Carnotaurus had the most ridiculously powerful dinosaur tail ever

Illustration for article titled Carnotaurus had the most ridiculously powerful dinosaur tail ever

Here's a nice counterbalance for our previous report on Carnotaurus's wimpy arms - it turns out any shortcomings in its arms were more than made up for with its super-strong tail, which made it one of the fastest hunters around.


Native to South America in the Jurassic and Cretaceous periods, Carnotaurus was a fearsome predator that measured around twenty-five feet long. Its arms were more or less vestigial, but its razor-sharp teeth more than compensated for this deficiency. And now research from University of Alberta paleontologist Scott Persons has revealed another piece of the puzzle: Carnotaurus had one ridiculously strong tail.

Tail bone fossils reveal that a particular muscle known as the caudofemoralis was attached by a tendon to the upper leg bones. When Carnotaurus moved its tail, it flexed this muscle, and in turn pulled back on the legs. This gave them a much stronger, faster step than would otherwise have been possible, giving Carnotautus unnaturally fearsome strides.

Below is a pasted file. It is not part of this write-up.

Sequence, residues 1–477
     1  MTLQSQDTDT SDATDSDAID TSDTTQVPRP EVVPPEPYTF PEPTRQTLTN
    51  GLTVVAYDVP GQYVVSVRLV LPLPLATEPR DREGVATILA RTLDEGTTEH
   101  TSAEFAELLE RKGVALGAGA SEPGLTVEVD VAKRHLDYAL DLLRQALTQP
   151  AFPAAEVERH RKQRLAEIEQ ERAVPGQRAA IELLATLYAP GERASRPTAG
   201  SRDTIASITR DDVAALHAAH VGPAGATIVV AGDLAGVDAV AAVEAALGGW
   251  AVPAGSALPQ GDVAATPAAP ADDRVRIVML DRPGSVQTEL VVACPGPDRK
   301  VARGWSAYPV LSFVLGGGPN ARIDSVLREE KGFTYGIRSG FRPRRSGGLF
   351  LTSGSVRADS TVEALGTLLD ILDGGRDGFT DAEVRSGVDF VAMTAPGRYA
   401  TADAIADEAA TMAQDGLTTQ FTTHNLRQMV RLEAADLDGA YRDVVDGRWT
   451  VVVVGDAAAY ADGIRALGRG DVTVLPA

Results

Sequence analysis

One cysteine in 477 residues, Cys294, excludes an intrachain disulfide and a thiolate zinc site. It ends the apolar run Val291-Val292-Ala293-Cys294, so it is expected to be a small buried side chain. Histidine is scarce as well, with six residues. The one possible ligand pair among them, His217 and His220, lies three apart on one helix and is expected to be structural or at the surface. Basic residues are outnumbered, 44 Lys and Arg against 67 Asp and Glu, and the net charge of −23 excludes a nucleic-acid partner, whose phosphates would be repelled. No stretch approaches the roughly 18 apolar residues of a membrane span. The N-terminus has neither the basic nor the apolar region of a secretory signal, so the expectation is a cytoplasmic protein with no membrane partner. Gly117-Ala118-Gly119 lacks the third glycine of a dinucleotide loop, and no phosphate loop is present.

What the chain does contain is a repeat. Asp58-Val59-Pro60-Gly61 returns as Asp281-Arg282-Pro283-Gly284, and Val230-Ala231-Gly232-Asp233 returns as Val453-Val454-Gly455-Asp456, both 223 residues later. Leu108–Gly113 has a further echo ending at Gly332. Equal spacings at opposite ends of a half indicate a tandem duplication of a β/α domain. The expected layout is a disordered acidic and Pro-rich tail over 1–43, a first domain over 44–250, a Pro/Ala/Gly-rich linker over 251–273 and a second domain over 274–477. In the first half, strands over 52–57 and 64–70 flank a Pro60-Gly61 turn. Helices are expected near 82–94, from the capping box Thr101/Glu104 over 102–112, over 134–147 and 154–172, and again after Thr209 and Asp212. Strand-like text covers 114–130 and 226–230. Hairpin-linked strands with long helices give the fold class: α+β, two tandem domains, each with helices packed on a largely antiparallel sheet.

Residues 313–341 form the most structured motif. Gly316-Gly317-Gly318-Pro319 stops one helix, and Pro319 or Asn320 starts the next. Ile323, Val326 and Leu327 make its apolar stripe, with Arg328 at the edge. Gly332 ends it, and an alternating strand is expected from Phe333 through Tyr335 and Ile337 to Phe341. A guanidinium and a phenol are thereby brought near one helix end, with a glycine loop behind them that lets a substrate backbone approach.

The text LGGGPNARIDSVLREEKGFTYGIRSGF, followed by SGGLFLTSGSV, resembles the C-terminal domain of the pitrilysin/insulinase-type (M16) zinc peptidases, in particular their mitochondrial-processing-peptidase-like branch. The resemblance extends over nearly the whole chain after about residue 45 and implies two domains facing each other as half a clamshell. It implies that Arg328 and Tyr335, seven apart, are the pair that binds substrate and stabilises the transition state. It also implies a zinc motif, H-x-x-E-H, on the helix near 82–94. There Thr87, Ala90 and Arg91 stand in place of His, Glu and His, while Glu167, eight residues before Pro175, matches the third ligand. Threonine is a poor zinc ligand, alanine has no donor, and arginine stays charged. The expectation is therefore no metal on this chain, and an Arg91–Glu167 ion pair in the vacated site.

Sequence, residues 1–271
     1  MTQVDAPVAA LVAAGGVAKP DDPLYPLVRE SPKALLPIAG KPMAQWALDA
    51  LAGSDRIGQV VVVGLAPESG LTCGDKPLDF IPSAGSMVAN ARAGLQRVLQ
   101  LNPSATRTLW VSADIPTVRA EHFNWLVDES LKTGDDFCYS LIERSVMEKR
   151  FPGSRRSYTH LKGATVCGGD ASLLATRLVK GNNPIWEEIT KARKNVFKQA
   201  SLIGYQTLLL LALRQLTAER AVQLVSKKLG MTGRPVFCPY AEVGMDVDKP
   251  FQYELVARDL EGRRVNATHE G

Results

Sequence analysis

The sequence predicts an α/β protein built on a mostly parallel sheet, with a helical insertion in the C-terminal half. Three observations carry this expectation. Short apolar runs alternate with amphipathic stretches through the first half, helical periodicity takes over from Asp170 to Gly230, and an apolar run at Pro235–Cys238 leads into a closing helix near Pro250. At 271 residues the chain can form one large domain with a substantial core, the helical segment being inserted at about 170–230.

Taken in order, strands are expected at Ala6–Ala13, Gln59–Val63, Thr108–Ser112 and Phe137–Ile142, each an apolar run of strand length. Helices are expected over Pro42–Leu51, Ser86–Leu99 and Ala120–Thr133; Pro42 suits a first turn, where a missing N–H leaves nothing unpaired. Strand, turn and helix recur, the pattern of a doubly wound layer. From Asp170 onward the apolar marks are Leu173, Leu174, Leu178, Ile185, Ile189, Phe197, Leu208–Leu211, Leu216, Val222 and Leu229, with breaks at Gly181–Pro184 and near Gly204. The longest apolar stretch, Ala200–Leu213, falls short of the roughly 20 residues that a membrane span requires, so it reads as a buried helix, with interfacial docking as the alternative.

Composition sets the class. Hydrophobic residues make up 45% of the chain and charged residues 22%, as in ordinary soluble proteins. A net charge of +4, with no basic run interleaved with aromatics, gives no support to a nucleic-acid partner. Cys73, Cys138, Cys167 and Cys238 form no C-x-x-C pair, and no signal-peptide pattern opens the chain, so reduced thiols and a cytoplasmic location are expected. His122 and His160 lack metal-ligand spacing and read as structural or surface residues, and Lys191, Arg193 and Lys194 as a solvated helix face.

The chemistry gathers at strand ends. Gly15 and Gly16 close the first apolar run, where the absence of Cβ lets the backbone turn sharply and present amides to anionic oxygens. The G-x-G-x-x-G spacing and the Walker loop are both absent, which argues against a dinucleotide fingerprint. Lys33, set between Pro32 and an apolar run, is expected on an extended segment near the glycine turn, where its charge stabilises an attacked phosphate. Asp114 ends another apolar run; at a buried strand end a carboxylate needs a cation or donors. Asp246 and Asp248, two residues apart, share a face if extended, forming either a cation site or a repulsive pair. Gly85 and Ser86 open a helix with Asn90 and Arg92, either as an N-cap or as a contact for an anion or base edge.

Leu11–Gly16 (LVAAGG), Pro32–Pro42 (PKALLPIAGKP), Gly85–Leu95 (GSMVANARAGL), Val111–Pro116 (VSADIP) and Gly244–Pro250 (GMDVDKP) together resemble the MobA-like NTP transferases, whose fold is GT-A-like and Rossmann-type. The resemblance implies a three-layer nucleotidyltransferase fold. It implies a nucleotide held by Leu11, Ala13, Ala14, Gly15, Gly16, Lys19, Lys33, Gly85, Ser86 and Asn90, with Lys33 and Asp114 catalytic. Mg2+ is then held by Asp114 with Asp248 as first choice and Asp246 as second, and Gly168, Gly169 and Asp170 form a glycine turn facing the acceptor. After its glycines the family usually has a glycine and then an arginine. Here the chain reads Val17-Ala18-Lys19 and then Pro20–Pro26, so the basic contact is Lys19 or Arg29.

Persons's previous research has suggested a similar arrangement in the tail of T. Rex, but Carnotaurus appears to have received the most extreme boost, as the University of Alberta's Brian Murphy explains:

Persons' examination of the tail of Carnotaurus showed that along its length were pairs of tall rib-like bones that interlocked with the next pair in line. Using 3-D computer models, Persons recreated the tail muscles of Carnotaurus. He found that the unusual tail ribs supported a huge caudofemoralis muscle. The interlocked bone structure along the dinosaur's tail did present one drawback: the tail was rigid, making it difficult for the hunter to make quick, fluid turns. Persons says that what Carnotaurus gave up in maneuverability, it made up for in straight ahead speed. For its size, Carnotaurus had the largest caudofemoralis muscle of any known animal, living or extinct.

Via the University of Alberta.



Native to South America in the Jurassic and Cretaceous periods

Pretty sure it's only known from the Cretaceous, and the University of Alberta story doesn't say anything about the Jurassic, so where are you getting that from?